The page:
NEGREIROSIndustrial companies employed 29,086 persons in Research and Development (R&D) activities in 2002, far more than the previously estimated 10,000. This expansion is not the result of an increase in the number of people taken on in the private sector, but of changes in the methodology for calculating the personnel employed in the sector. Until recently, the Ministry of Science and Technology (MCT) registered the number of persons involved in the Research and Development (R&D) activity, taking as a basis the information gathered by the National Association for Research, Development and Engineering in Innovative Companies (Anpei), in a universe never more than a thousand companies. “Besides being relatively small, the array of companies investigated would vary every year, which made it very difficult to compare results”, comments Sinésio Pires Ferreira, the MCT’s coordinator for Statistics and Indicators.
The MCT has now started to use the figures from the Technological Innovation Survey (Pintec), carried out by the Brazilian Institute of Geography and Statistics (IBGE) on 72,005 industrial concerns with ten or more persons employed, and made public last October. Pintec expanded the survey and revealed, for example, that 37% of the 77,822 researchers with a university degree are in the private sector.
In the MCT’s reckoning, Brazil has 163,945 people involved in R&D activities, included therein researchers, postgraduate students (34,048) and research support personnel (52,075). Of this total, 53.1% are linked to institutes of higher education, 39.2% are in companies, and 7.3% are working in government bodies. In Brazil, the absolute numbers are not bad when compared with the other countries. But if we take into account the Economically Active Population (EAP), the situation is different. Here, only 1.5 in 1,000 persons of the EAP is a researcher. In Korea, this ratio is 4.6 per 1,000, and in Canada, 5.8 per 1,000″, is the comparison made by Pires Ferreira.
This discrepancy becomes even clearer when one observes the number of persons in technical-scientific occupations and/or with higher education, in relation to the EAP as a whole. The methodology for comparison is recommended in the Canberra Manual, of the Organization for Economic Cooperation and Development (OECD), to assess the level of training of human resources involved in activities in the sector. “The OECD’s argument is that, for there to be science and technology – their production and, in particular, the spreading of their results – it is desirable for countries to have a growing number of educated people”, Pires Ferreira explains.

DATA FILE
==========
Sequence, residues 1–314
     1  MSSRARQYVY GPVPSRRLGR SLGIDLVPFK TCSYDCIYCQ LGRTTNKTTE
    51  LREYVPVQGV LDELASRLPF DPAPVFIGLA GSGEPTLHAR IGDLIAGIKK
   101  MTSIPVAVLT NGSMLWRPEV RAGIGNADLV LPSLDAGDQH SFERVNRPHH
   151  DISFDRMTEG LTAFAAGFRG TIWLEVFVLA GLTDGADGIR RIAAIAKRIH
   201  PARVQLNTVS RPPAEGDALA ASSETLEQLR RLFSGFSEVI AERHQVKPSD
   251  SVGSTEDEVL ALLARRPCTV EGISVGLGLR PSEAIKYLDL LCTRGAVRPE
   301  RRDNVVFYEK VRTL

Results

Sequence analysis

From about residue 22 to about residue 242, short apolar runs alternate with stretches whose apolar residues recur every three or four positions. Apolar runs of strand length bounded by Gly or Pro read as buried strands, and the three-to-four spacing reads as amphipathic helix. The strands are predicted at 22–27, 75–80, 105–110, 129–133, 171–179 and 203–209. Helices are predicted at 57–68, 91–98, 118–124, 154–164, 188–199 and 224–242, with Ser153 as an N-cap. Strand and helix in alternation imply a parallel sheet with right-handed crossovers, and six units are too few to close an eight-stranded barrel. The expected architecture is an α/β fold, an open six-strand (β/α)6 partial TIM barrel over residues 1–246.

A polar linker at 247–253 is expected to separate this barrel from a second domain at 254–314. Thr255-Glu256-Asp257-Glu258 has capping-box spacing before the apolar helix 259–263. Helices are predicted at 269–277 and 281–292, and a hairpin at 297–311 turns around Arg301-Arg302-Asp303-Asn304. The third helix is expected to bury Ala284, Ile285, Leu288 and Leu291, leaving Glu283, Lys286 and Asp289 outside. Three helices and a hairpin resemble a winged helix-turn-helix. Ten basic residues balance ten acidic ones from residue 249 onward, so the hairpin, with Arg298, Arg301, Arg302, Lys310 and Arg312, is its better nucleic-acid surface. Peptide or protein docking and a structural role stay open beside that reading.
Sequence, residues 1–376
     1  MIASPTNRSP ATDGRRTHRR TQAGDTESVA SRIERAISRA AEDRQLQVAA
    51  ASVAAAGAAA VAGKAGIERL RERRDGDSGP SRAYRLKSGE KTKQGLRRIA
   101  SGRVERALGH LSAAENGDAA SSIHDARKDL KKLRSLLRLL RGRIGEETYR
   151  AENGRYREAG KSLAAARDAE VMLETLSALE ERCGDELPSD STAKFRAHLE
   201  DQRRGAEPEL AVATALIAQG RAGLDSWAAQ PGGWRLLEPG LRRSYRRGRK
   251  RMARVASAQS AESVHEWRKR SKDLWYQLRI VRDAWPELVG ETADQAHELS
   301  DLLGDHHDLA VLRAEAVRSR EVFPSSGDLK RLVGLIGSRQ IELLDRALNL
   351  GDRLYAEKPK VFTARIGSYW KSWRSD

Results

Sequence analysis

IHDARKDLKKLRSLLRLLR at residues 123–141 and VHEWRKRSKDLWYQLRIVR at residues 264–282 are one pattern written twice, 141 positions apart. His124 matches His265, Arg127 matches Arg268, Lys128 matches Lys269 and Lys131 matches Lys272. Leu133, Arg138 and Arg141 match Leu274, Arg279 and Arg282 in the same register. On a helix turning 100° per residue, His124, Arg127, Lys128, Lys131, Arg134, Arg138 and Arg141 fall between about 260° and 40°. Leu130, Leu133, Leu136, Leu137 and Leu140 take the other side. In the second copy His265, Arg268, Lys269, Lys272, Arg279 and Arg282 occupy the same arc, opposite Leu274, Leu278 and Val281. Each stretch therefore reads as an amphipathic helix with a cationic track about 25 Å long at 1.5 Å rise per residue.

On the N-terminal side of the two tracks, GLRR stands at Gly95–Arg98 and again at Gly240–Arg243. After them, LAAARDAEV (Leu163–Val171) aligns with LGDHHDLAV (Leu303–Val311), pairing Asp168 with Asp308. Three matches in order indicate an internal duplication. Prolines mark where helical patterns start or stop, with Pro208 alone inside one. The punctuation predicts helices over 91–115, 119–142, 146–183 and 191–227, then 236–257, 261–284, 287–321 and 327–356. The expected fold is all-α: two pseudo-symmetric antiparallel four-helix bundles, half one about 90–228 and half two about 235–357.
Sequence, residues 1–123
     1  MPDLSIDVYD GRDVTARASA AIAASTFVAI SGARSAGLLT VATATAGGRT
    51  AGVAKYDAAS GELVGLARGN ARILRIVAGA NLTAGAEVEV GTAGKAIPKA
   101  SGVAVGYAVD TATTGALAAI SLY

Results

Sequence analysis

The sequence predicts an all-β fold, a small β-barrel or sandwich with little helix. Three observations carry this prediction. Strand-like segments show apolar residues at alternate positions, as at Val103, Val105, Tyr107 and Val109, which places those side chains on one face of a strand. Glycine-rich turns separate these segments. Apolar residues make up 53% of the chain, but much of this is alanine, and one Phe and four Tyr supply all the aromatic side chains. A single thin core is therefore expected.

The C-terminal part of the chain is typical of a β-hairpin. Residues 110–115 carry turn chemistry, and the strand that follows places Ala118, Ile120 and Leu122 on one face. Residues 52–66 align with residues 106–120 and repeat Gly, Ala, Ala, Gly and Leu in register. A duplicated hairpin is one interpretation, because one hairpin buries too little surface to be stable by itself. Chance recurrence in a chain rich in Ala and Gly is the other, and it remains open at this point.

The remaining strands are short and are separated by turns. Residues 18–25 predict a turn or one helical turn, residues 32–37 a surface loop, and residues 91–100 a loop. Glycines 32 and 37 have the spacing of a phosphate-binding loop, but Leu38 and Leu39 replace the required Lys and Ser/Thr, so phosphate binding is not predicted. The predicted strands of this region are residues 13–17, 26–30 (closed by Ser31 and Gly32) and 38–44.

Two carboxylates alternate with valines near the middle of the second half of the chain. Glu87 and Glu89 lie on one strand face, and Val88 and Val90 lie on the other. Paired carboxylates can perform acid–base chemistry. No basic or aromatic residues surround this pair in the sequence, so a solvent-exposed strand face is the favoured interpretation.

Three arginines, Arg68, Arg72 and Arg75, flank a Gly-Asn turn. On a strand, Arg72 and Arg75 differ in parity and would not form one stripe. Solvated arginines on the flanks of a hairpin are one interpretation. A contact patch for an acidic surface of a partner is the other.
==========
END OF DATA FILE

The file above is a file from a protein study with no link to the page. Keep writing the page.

Following the suggestion of the OECD and using the data collected by the IBGE’s National Household Sampling Survey (PNAD), the MCTfound that in 1999, there were in Brazil 12.4 million persons included in technical-scientific occupations or who had a higher education, which represented 15.7% of the EAP. In addition, a mere 3.41 million, or 4.3% of the EAP, had both of these attributes. Furthermore, this percentage has been going up very slowly since 1992.
In a comparison with other countries, Brazil comes out badly. In Spain, the percentage of people with a higher education employed in technical-scientific activities represents 13% of the EAP. In France and the United Kingdom, this figure is 15%; and in Belgium, it is close to the 20% mark. It is worth observing that the proportion of human resources with a higher education and in technical-scientific activities in the EAP has gone up quite steeply since 1995. “The difference is that Brazil has not been capable of creating jobs with these characteristics any faster, although the level of schooling of its population has gone up considerably over recent years”, says Pires Ferreira.
The figures from Pintec also reveal that private companies came in participated with R$ 4.4 billion out of total spending on R&D of R$ 11.5 billion in 2000, about 50% more than the R$ 3 billion calculated for 1999, based on data collected by Anpei. The federal government accounted for investments of R$ 5 billion, and the state governments, R$ 2 billion. Even so, spending continues to be concentrated in the public sector, which is responsible for 60% of the investments. “If we want to increase investments in R&D, there ought to be a larger participation of the private sector, since public spending is up to the standards of the developed countries”, explains Pires Ferreira.
He sustains his argument, comparing the investments in R&D by several countries in relation to the GDP. Brazil invests 1.05% of its GDP in the sector, less than Canada, which spends 1.94%, and more than Spain, with 0.9%. “But the spending of the country’s public sector, 0.63% of the GDP, is similar to that of Canada, with 0.62%, and of Korea, with 0.61%”, he underlines. The great difference lies in the participation of private investments, which in Brazil is 0.40% of the GDP, against 1.73% in Korea or 1.90% in the United States.Republish